Apple

Everything you can do with the Apple HomePod

Posted on April 20th, 2020 by

As smart speakers go, Apple’s HomePod has a few points that make it stand out. It has better sound than most Alexa and Google Home devices. There are a number of smart speakers made by audio companies that focus on sound quality, and that include the ability to use one or more of the voice assistants, but the HomePod is the only smart speaker that uses Siri. If you’re in the Apple ecosystem, this is a compelling reason to use it.

In this article, I’m going to tell you what you can do with your HomePod: how you can tell it to play music, give you information, make phone calls, and more.

How to set up an Apple HomePod

To set up your HomePod, go to the Home app on an iOS device, tap Rooms, select the room where you’ve assigned your HomePod, then press and hold on the HomePod’s tile. A play controller displays; swipe up, or tap the gear icon at the bottom of the screen, to see the device’s settings. On the Mac, right-click on the HomePod’s tile and choose Settings.

You’ll see a number of settings here, such as the name of the device, the room where it’s located, and the account it uses to access both music – if you have Apple Music, or use Cloud Music Library – and your personal information.

Swipe down a bit to see more settings:

Here, you’ll see Siri settings, location settings, and more. If you want to be able to use Hey Siri, you can toggle it on here; if not, you can enable a setting to access Siri by tapping and holding the top of the device. (And if you do this, you don’t need to say “Hey Siri” with each command.) You don’t have to use Siri; if not, you will only be able to play music on the device by sending it from an iOS device or a Mac.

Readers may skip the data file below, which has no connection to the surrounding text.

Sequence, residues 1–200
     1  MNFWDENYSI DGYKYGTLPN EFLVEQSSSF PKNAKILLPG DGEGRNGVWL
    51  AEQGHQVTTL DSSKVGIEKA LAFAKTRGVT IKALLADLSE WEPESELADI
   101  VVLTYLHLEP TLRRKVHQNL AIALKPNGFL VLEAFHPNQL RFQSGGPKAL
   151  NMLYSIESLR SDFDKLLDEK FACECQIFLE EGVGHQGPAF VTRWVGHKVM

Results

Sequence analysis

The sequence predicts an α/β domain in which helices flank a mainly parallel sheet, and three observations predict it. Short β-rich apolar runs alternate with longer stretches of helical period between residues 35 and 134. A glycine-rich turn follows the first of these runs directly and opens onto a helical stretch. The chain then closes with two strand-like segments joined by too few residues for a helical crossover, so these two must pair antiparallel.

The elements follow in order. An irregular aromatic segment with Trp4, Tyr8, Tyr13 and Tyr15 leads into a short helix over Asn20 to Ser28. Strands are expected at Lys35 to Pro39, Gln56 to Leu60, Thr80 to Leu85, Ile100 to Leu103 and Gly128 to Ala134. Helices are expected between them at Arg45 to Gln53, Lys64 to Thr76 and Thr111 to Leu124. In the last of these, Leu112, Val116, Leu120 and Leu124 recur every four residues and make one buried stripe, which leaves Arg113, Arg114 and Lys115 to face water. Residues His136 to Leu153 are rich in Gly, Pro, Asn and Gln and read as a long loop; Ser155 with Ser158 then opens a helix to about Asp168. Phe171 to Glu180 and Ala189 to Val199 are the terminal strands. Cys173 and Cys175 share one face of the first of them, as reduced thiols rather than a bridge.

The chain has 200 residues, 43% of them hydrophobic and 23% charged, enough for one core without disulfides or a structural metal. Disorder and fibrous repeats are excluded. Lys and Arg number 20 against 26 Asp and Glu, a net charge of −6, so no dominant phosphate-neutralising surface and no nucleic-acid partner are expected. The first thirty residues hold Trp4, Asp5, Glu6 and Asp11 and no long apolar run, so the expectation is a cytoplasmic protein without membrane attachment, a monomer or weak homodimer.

How to play or stream music on a HomePod

Obviously, the HomePod’s main use is to play music. You can do this with Siri in a number of ways. For example:

  • Hey Siri, play the new Taylor Swift album.
  • Hey Siri, play some upbeat music.
  • Hey Siri, play some classic rock.
  • Hey Siri, play the Frozen soundtrack.

You can also have Siri play your “personal radio station” if you use Apple Music. Just say, “Hey Siri, play some music.” This will play a selection of music from your music library, music you have loved, and some related tracks. It’s a good way to play music when you don’t know what you want to listen to.

How to send audio to a HomePod via AirPlay

But what if you want to play some music on your iPhone, or play music from another app, such as Spotify? Since the HomePod is an AirPlay speaker, you can stream music to it. To do this, start playing some music, then tap the round AirPlay icon at the bottom of the play screen. You’ll see an interface like this; choose which speaker(s) you want to play the music on. Here, I’m streaming music from my iPhone to the HomePod in my living room.

Since I don’t like having Siri active on my HomePods, I select music on my iPhone or iPad, then stream it to the HomePod in this manner.

Another way to do this is to start playing music on your iPhone, then bring the iPhone a few inches from the HomePod; this will “hand off” the music to the HomePod, streaming it from that speaker.

Note that, in the above screenshot, the AirPlay interface allows you to play music and stream to multiple speakers, so if you have HomePods, or other AirPlay speakers in multiple rooms, just tap each one to select them.

While playing music on a HomePad, you can tell Siri to pause the music or resume it, skip tracks, and you can also control the volume. The HomePod has a seemingly miraculous ability to hear commands, even when the music is loud. You can use the following:

  • Hey Siri, next song.
  • Hey Siri, make it louder.
  • Hey Siri, set the volume to 50%.
  • Hey Siri, stop.

There are lots of other Siri commands you can use for music; see this Apple document for more.